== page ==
Novell has launched a test release of an open-source project that recreates Microsoft's .Net programming framework on Linux and Unix.
Novell inherited the Mono project through its acquisition of open-source software maker Ximian last year. The project, started in 2001 by programmer Miguel de Icaza, operates under the auspices of Ximian. The goal of Mono is to allow .Net programmers to build applications that work across Windows, Linux and Unix operating systems. Microsoft, which developed the .Net Framework, only makes available .Net code for the Windows operating system. The ability to span multiple operating systems with a single programming model is important, since many companies maintain Windows, Linux and Unix systems.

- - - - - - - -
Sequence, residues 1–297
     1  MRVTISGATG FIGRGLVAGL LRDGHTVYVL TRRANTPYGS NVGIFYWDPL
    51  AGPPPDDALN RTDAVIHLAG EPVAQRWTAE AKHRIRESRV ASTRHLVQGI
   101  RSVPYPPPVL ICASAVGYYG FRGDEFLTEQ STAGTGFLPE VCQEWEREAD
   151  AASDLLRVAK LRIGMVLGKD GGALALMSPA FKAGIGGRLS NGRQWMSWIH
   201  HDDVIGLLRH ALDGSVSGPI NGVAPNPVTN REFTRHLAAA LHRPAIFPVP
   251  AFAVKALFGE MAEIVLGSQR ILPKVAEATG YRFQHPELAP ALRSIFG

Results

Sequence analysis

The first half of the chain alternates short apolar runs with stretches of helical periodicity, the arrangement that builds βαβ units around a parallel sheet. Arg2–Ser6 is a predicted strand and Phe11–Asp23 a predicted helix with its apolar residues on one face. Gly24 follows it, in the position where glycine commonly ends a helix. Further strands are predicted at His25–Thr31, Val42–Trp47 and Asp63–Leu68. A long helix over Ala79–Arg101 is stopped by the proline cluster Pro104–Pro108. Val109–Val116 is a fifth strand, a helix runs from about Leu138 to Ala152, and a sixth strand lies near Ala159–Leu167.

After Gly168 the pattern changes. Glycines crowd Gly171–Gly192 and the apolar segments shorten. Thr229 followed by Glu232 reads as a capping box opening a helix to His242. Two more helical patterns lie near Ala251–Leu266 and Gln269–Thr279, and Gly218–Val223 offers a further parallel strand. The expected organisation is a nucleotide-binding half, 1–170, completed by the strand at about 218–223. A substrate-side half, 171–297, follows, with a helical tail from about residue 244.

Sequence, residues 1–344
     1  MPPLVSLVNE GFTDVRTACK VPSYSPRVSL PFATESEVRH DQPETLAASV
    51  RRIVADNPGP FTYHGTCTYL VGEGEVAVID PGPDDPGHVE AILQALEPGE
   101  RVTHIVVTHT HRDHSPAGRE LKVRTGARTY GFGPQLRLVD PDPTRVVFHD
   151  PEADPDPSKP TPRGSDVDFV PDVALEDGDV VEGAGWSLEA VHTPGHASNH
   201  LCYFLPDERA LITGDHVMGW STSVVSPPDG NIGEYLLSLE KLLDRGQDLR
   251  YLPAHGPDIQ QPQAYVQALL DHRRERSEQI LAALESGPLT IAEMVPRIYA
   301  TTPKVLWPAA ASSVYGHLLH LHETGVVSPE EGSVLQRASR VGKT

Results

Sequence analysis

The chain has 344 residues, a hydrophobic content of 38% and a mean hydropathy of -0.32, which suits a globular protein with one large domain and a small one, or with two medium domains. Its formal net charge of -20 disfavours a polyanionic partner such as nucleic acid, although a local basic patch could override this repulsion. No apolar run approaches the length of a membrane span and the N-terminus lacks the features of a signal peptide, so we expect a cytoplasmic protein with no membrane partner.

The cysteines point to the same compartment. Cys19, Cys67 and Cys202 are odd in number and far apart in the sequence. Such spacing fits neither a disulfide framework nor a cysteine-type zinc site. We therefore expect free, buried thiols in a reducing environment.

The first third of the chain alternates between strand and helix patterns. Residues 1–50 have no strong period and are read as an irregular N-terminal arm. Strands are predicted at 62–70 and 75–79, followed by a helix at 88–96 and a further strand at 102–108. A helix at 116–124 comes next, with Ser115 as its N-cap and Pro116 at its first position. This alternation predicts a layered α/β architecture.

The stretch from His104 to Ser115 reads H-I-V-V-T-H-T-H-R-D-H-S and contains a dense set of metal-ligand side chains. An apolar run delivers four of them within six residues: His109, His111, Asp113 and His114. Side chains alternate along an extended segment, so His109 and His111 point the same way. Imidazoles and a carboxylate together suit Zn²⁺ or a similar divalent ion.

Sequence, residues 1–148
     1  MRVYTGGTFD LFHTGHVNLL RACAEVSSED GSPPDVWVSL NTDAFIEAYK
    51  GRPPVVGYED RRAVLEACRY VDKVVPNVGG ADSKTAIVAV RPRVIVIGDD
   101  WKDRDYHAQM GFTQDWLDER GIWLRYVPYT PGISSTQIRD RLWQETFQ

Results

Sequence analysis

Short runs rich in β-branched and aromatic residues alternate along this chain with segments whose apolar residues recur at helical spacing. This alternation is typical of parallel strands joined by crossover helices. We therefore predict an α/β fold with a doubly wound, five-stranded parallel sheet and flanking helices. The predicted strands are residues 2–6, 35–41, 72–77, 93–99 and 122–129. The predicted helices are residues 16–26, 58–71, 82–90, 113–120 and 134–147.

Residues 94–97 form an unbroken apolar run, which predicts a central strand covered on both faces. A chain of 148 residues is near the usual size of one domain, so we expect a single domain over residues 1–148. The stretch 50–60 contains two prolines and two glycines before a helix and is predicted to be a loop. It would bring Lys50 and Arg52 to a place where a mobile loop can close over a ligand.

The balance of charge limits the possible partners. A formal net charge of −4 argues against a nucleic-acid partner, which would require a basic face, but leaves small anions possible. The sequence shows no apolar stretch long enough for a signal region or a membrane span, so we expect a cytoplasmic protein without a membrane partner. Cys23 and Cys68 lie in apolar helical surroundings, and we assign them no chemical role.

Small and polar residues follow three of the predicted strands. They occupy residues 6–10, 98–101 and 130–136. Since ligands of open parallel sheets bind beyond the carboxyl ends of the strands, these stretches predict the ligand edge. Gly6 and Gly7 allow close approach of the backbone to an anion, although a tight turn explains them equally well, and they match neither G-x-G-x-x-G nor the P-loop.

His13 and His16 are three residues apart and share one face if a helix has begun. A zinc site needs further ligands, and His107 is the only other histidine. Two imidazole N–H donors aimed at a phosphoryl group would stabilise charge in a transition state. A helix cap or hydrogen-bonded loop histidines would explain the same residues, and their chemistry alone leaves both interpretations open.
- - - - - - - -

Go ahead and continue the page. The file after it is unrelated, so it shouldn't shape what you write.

Microsoft's .Net software includes programming tools and the .Net Framework, the software plumbing installed on Windows machines that's needed to run .Net applications. The Mono project is taking advantage of published specifications for .Net to re-create the environment for Linux and Unix. Since Novell acquired Ximian, its plans for Mono, which is tightly linked to rival Microsoft's efforts, are being closely watched. The test release of Mono, originally expected by the end of 2003, was delayed last fall.
News source: C|Net News.com